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MNF Debacle: Replacement Refs and the "Free" Market

MNF Debacle: Replacement Refs and the "Free" Market

By Dennis Loo (9/25/12)

On Monday Night Football last night the Seattle Seahawks were awarded a touchdown to win the game on a last second Hail Mary pass into the endzone when the replay - as well as real time - make it clear that a) the receiver credited with the touchdown, Seattle's Golden Tate, committed very obvious offensive pass interference by shoving another Green Bay Packer out of the way before his "catch," and b) Green Bay Packers' M.D. Jennings caught the ball as an interception before Tate got one hand in to grab at the ball after Jennings had the ball in both hands, against his chest, and in full possession of the ball. The two replacement refs on the scene differed, with the back judge ruling an interception and the side judge (who has never previously officiated above a junior college level game) a TD.

This atrocious call, which the NFL is declining to reverse despite having the power to overrule it and despite admitting that it was wrong, is the latest and worst in a huge pile up of errors by the replacement refs. This season the NFL has been using these not-fit-for-prime-time refs because the owners won't honor their earlier promise for retirement benefits to the professional refs. For all those who tout the alleged virtues of the "free" market, here you have it: the freedom of the multimillionaire and billionaire NFL team owners to do what they please, damn the results and damn the safety of the players, damn the desires by the public to have a fair result. No, this is the "free" market in all of its glory.

We have the same kind of drama being played out in virtually every other arena in society. In education, for example, the top heavy, parasitic ranks of the new CEO-Style University Presidents and their wealthy boosters in the business world (e.g., Microsoft's Bill Gates), leaders in both political parties (e.g., the entire GOP and the Democrats such as President Obama and Chicago Mayor Rahm Emanuel), media (e.g., KPCC's Larry Mantle in LA and Fox News worldwide), and think-tanks et al, under the phony mantle of protecting the interests of students (about which most of them care not), are attacking teachers' tenure, pensions, pay, and union protections, and deriding the usefulness of unions and insulting the public employee. (Is it not peculiar that these grossly overweight fat cats and their supporters decry the pensions of those who actually do real work and benefit the public and don't have expense accounts and tax write-offs galore, and in Chicago, among the K-12 teachers there are some making as much as $70,000 per year? Why shouldn't we pay reasonably those who do the exceedingly important professional work of teaching our young people? $70k isn't enough, really. To these CEO's, $70k is what they spend on their private golf club memberships alone.) The private realm and market forces are touted as the solution to all things and public goods and the public interest are ridiculed as non-existent and/or undesirable.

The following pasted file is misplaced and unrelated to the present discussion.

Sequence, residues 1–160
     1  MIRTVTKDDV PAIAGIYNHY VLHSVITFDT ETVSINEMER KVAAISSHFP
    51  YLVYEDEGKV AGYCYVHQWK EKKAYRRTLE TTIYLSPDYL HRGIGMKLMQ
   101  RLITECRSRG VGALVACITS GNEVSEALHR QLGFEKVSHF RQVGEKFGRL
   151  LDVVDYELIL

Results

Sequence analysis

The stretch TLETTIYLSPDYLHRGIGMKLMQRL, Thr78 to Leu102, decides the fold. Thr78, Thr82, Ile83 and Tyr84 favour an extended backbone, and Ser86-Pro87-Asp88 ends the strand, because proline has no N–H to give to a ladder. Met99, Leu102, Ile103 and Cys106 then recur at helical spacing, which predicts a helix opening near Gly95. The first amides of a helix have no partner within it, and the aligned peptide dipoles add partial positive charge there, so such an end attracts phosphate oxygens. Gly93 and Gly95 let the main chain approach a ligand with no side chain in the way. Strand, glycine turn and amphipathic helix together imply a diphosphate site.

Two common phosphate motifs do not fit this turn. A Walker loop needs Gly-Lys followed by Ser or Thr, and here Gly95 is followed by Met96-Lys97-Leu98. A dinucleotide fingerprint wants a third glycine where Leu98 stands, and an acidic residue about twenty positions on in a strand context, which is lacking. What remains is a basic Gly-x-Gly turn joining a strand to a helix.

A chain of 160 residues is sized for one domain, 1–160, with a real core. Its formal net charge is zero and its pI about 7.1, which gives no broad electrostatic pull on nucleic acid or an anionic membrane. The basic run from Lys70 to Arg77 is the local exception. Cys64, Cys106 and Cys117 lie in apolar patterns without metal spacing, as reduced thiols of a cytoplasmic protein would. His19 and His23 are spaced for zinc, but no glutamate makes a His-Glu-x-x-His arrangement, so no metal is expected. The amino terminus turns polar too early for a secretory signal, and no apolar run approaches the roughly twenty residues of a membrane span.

In a "free" market (aka unvarnished capitalism), those with the big bucks get to decide what happens. You know: one dollar, one vote. And if you have more dollars, well, then you get more votes. Public interest be damned. Money talks. It's the American Way. And anyone who says differently, well, they can just go back to Russia. Oh wait, they're capitalists too. Then they can go to China. Oh wait, they're capitalists now too! Well, they can go to Antartica. Oh wait, global warming due to the burning of fossil fuels means that the big oil companies et al are flocking there too. WELL, where can we go then?! I guess we can organize, what do you think?

From the Preface to Globalization and the Demolition of Society:

A War of the Worlds

Since the 1980s, political systems across the globe have been undergoing relentless and radical restructuring. This tectonic shift in the nature and role of politics in people’s lives has been and is being carried out under the signboard of installing market forces and unrestrained individualism as the director for all matters personal and public.

Reminiscent of H.G. Wells’ depiction of extraterrestrial aliens invading the US in his classic The War of the Worlds, no arena has been spared from this full-scale assault. The proponents for free market fundamentalism bring with them not only concrete programs that they are fervently and meticulously inserting into place but an entire army of philosophers of privatization who hector us from every media outlet conceivable, generating a drumbeat of scorn for any who object. “There is no alternative, this is the panacea,” this army’s foot soldiers and generals tell us; nowhere and nothing is immune from their demand that they must take over and take charge. The acolytes of the invisible hand are visible everywhere we look.

This book refuses and refutes these invaders’ agenda. Using market forces and individualism as the organizers for economic and political affairs is a recipe for ever-expanding inequities and the shredding of the social fabric, leading inevitably to myriad disasters on the individual, regional, and global level. It will not do to attempt to mildly modify this invasion, gesturing and gesticulating at the margins. The response to this assault that is occurring on every conceivable level requires an equally comprehensive retort, an alternative vision for our society.

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